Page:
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Texas sheriff fumbles as hemp is poised to pass committee


Hemp recently had its first committee hearing in the Texas legislature, and it involved about a dozen supporters testifying in favor of the two bills, along with one very confused sheriff.

Two bills submitted by Rep. Joe Farias of San Antonio would bring hemp to the Texas agriculture scene. House Bill 557 would legalize hemp for research purposes through institutions of higher education, while House Bill 1322 legalizes hemp for Texas farmers to grow alongside other crops.

Many groups were represented at the hearing, including farmers, health food stores, an insurance company, and the Texas Hemp Industries Association. Both bills were heard at the same time.

Legislators were treated to an all-around education about hemp, both prior to and during the hearing as supporters brought hemp products, talked about hemp’s many uses, and how it could be a major crop for farmers.

Currently hemp can be imported, consumed, and used to make a wide range of products, however farmers here cannot grow it. Hemp products were valued at $620 million nationally last year.

A versatile plant which consumes half the water of cotton while producing 250 percent more fiber, grows in most soil, and is used in over 25,000 products, hemp is legal to cultivate in 21 states. However, only three states currently grow hemp, while the other 18 have research programs.

At one point during the hearing, hemp was touted as a natural alternative which could be used for environmentally friendly fracking.

An employee of Texas A&M also testified that he would like the university to be able to research the plant, though he had concerns that legalizing it only for research purposes would still limit how effective the research would be.

Cotton farmers were represented as well as a south Texas farmer emphasized the need for hemp and to legalize it in such a way that it would not increase the overhead costs for farmers and would not cost the state anything to implement as well.

“Members of the legislative committee were very receptive” said Coleman Hemphill, the president of Texas Hemp Industries Association. Hemphill testified as well about how well other states which were growing hemp are doing, along with a little history about the plant.

“The first two drafts of The Declaration of Independence were written on hemp paper, the first flag was made of hemp, our founders grew hemp, and during the early 1900s farmers were encouraged by the federal government to grow hemp in order to help support the war effort, even going so far as to produce a documentary entitled ‘Hemp for Victory.'”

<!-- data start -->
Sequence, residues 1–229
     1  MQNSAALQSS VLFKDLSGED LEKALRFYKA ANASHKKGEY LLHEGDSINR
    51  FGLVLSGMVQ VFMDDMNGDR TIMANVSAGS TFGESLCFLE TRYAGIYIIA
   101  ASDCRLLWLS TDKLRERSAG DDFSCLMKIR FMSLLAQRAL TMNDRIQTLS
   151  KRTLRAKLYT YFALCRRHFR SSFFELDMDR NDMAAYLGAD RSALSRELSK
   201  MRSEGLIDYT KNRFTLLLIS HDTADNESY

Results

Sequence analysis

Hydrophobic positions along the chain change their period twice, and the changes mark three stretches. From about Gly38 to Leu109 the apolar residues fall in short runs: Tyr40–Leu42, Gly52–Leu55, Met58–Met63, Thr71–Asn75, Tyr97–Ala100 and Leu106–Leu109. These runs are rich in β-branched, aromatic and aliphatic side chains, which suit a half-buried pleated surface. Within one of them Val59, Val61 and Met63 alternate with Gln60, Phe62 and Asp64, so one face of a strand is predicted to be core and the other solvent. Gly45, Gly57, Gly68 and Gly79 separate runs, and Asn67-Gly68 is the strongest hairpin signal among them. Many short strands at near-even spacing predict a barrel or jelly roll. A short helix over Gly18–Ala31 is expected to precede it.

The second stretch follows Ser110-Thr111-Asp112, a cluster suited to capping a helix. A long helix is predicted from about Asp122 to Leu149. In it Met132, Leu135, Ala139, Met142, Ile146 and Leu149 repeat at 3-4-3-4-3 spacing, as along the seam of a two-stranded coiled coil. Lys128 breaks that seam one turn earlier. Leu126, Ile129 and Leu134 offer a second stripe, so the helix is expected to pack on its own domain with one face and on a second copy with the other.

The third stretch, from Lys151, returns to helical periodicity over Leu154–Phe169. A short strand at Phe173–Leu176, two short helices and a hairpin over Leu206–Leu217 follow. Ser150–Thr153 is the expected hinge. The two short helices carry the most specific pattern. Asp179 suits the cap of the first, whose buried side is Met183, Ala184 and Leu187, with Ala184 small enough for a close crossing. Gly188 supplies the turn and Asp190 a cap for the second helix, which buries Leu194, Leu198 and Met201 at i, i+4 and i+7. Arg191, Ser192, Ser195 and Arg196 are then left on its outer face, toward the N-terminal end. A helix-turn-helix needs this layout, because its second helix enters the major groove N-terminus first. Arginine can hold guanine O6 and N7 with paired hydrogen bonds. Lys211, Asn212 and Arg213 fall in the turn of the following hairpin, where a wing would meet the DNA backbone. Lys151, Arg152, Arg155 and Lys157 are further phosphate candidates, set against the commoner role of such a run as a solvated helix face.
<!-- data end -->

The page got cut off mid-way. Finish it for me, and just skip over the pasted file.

A representative of the Texas Farm Bureau also made an appearance, testifying in support of hemp legalization.

Rep. Drew Springer expressed concern about requiring a license to grow hemp, considering that other crops do not need a license. He considered the requirement a burden, though Rep. Farias said that the licensing requirement was included in order to help get the bill passed.

There are concerns that some may try to hide marijuana in the middle of hemp fields, however that concern has been unfounded as testimony showed that hemp would end up pollinating any nearby marijuana crops, rendering them useless. Crops would also be tested to ensure THC content is at a satisfactory level.

Towards the end of the hearing, Sheriff Will Travis of Denton County stepped forward to testify, however he was confused about what bills he was testifying on, believing that he would be testifying in favor of hemp CBD research and against medical marijuana. At one point he stated that legalizing hemp would lead to legalizing medical and recreational marijuana, saying that the people in attendance were only there to legalize marijuana.

When one of the committee members asked him to elaborate on that he stated “oh we’ll see them here again later on” though the committee member quickly added that they were discussing only hemp, and that marijuana had no bearing on the topic. Sheriff Travis at one point confused, insisted that hemp was the same as marijuana, and even stated that “hemp is not good for human consumption.”

A committee member pressed him on the matter, asking him if all of the products currently in stores with hemp in them are not fit for human consumption, to which the sheriff replied “yes.”

Hemp has been consumed for thousands of years, and has been found to be a good source of protein and fiber. The Omega-3 fatty acids in hemp reduces the risk of cardiovascular disease, lower blood pressure, and may even ward off Alzheimer’s disease. Hemp seeds are one of the few Omega-3 sources found in plants. The Omega-6 fatty acids in hemp stimulate skin and hair growth, maintain bone health, regulate metabolism, and help the brain function.

Several times Travis had to be corrected as he began talking about what he believed the hemp bills entailed, only to find out that the bills did not contain what he was talking about.

Proponents of the bills believe that they will pass committee easily, and are hoping that they will be scheduled for a full vote in the House before heading to the Senate.

By: Stephen Carter

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Stephen Carter

Stephen Carter is a journalist and information technology specialist living in Waco, Texas. He has been working with the cannabis movement since 2009. He founded Texas Cannabis Report in 2013 to bring Texans accurate cannabis related news.

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